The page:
IMCA Modifieds chase $3,000 check at I-30’s Ed Jordan Memorial

first_imgLITTLE ROCK, Ark. – A top check of $3,000 is at stake this Saturday, July 21 at I-30 Speedway’s sixth annual Ed Jordan Memorial for IMCA Modifieds.A minimum of $300 will be paid to start the Fast Shafts All-Star Invitational ballot qualifier.Entry fee is $100 and includes the driver’s pit pass if paid by July 19. IMCA Speedway Motors Weekly Racing National, Jet Racing Central Region, Arkansas State and track points will be awarded.Spectator admission is $12 for adults, $1 for kids ages 6-12 and free for five and under. Pit passes are $30.Pit gates and the grandstand open at 5 p.m. Hot laps are at 7 p.m. with racing to follow.More information is available by calling 501 455-4567, at the www.i-30speedway.com website and on Facebook.Gates open at 6 p.m. for Thursday’s open test and tune. Pit passes are 415 and grandstand admission is free.last_img read more

US$100M capital fund for Guyanese entrepreneurs launched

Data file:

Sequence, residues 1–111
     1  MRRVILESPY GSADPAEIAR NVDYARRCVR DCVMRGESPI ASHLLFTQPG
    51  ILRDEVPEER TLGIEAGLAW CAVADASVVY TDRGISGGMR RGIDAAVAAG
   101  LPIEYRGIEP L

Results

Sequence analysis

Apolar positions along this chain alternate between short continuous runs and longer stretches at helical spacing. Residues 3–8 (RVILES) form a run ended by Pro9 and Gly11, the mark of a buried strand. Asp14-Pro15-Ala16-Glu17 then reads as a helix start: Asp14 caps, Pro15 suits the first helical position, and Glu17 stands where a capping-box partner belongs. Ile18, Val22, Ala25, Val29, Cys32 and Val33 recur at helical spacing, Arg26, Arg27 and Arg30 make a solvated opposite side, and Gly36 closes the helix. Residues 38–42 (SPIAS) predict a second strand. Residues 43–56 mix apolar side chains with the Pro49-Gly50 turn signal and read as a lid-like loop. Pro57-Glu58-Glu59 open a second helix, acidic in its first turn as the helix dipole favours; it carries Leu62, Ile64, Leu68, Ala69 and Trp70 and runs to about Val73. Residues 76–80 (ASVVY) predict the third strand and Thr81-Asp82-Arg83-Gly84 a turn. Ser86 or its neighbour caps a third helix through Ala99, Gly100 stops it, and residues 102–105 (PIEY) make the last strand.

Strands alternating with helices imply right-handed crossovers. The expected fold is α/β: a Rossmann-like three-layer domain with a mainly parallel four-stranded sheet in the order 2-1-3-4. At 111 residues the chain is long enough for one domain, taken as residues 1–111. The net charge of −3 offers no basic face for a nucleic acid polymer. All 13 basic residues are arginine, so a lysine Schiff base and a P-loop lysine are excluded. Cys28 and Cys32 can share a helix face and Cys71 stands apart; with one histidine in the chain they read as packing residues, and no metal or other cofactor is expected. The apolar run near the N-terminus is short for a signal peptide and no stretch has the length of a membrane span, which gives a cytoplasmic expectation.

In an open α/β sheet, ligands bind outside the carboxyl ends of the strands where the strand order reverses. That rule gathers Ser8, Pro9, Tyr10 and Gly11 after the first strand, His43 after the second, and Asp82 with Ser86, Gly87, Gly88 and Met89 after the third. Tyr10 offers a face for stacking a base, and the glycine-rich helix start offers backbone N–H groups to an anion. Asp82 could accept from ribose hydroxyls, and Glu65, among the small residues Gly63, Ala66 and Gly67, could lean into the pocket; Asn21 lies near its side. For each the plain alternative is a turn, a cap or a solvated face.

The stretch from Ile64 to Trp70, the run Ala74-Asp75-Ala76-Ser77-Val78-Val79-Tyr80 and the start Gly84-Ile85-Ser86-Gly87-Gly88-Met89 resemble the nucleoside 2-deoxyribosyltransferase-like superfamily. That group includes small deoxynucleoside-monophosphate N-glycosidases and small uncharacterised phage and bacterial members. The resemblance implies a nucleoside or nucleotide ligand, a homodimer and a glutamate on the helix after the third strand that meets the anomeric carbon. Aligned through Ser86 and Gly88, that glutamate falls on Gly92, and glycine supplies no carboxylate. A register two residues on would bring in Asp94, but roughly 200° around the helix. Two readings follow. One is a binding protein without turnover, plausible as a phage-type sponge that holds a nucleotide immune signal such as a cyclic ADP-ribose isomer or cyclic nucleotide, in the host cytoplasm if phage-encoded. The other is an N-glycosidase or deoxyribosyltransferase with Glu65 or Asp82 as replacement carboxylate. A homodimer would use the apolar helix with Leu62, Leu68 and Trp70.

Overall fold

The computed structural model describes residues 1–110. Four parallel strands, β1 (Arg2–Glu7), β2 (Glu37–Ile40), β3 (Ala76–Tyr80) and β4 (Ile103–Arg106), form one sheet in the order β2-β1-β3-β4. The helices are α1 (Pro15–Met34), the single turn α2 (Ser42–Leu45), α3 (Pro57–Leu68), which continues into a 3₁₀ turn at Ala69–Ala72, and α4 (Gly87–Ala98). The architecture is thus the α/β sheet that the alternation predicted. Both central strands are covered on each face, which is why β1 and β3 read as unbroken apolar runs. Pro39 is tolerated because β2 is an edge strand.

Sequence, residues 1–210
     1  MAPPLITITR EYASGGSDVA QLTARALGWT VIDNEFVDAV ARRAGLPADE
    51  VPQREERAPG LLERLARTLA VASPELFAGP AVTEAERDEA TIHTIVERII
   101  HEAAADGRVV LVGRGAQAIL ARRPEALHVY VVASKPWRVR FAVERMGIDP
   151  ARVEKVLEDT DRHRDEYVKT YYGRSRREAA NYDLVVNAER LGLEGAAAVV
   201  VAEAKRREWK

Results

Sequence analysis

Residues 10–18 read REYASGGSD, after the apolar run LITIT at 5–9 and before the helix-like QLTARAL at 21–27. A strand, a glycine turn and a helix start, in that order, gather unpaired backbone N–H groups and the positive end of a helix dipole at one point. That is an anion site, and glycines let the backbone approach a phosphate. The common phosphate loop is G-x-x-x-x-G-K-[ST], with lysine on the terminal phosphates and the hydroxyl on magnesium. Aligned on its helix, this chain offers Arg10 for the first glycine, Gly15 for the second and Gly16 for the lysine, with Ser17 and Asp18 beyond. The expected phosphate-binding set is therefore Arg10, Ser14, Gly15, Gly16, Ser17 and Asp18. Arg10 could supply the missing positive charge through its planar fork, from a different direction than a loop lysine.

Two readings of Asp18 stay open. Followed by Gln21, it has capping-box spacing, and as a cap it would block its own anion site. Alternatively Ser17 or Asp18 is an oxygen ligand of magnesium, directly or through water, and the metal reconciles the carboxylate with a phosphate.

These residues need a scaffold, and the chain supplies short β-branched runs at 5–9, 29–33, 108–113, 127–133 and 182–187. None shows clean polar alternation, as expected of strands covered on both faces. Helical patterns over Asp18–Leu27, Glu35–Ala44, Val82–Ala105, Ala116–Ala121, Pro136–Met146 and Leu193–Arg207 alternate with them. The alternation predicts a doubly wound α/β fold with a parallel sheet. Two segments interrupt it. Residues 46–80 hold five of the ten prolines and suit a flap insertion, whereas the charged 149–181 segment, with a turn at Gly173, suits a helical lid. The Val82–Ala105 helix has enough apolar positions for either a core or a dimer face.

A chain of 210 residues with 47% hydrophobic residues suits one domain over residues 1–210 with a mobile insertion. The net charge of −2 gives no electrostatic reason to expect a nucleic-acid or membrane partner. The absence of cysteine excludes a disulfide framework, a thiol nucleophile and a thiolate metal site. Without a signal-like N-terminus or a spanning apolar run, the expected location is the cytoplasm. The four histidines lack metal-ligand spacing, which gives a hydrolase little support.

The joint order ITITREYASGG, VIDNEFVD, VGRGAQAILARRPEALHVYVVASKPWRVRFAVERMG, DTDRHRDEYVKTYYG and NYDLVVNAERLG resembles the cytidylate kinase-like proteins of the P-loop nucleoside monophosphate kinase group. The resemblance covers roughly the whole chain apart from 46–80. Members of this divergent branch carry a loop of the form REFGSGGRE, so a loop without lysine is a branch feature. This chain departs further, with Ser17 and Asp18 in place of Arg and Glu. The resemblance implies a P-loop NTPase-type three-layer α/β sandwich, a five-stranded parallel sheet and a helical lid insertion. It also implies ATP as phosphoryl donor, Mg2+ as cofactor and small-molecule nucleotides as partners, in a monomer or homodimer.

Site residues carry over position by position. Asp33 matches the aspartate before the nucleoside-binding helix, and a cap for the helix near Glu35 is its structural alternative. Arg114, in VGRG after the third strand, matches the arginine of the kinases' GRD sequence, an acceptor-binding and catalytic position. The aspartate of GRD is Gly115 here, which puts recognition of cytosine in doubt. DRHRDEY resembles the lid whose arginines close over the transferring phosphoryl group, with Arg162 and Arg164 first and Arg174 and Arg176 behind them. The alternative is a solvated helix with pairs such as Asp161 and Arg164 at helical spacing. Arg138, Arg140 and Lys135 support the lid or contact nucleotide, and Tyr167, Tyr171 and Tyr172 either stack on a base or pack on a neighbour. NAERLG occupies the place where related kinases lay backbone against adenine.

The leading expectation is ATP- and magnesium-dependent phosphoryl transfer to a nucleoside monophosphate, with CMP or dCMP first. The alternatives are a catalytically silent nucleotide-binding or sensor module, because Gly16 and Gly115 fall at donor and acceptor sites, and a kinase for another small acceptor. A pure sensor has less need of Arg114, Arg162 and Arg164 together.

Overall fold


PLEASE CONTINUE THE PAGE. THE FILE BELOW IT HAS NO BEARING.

first_img…Govt urged to liberate Guyanese of “digital constipation”Guyanese entrepreneurs will soon have the opportunity to access financing as a Guyana-born businessman and telecommunications expert, Mike Singh on Saturday launched a US$100 million venture capital fund at the 2018 Digital Wealth Creation Summit.Telkom Caribe Group Chairman and CEO Mike SinghSingh, who was one of the featured speakers at the event held at the Marriott, which saw the attendance of hundreds of persons, said that many brilliant ideas died because very often borrowers did not have the collateral to access loans.While declaring that sometimes banks “kill entrepreneurship”, Singh, the Chairman and Chief Executive Officer (CEO) of Telkom Caribe Group, a telecommunications company based in Miami, Florida, announced the setting up of this fund to the applause of a receptive audience of mostly young people.Singh, whose business has offices in Abu Dhabi and South Africa, was critical of Government’s efforts to promote and capitalise on the use of modern digital technology. He shared with the audience how surprised and shocked he was that almost the entire hinterland region was without Internet.The Indigenous people of Guyana account for 12 per cent of the total population, and they should demand from Government that they too are connected, he said. “If I were them, I would have hold whoever is in power and say that ‘don’t fix the net, we not voting for you’. They are Guyanese too and they are being left behind,” he told a cheering audience on Saturday.Speaking of his experience of working and travelling to different countries around the world, Singh said even Afghanistan in the midst of war had Internet service, but the Kaieteur National Park had “literally no Internet there”.A section of the gathering at the Digital Wealth Creation Summit held over the weekendThe businessman and philanthropist said for the coastal region, the bandwidth was also poor and stated that it must be improved in order for Guyana to reap the full benefits of digital wealth. “What we need is fibre. We don’t need 50 megawatts, we need one gigabyte,” he asserted.Singh continued, “Because you cannot fuel innovation and wealth creation in the country in the Internet age unless you have bandwidth. Bandwidth helps to fuel intellectual capital growth and innovation. Your competition is not here in Guyana, but some man from India, or Shanghai.”While declaring that many jobs would be replaced with technology in the near future, Singh said before Guyana could begin to create Internet wealth and Business Process Outsourcing (BPO) companies, “we need to solve the bandwidth quagmire and liberate the people of this country from the digital constipation they are forced to live with”.Intellectual capitalAnother important topic Singh touched on was the need to safeguard intellectual capital of locals. The businessman is of the strong opinion that the laws in relation to this are sadly inadequate. He has advised that policy decision makers have more discussions around this with the aim of trying to set a stage for this to take effect in Guyana. This area, he claimed, has the potential to create massive wealth.Singh also raised concerns over the country’s reluctance to embrace fully the new Internet Protocol version 6 (IPv6). This most recent version of the Internet Protocol (IP), the communications protocol that provides an identification and location system for computers on networks and routes traffic across the Internet, is already being used in many countries, especially those in the developed world.The Summit, which was hosted for the second year, was aimed especially for entrepreneurs (whether veteran or aspiring); service professionals; students; or anyone who has a burning dream and desire to do what they love and to relentlessly pursue their dreams.Some of the speakers and presenters included: Dr Rosh Khan, the brain behind the event who is the CEO of the Masterclass Institute and SocialRankMedia as well as the local franchise holder/lead consultant of FranklinCovey; Public Telecommunications Minister Cathy Hughes; Gabriel Abed, the founder of Bitt.com, a Barbados-based blockchain startup; Ramesh Persaud, the CEO of the Institute of Private Enterprise Development (IPED); Valrie Grant, founder and Managing Director of GeotechVision, and Samantha Sheoprasad –a 2017 recipient of the Queen’s Young Leaders Award.last_img read more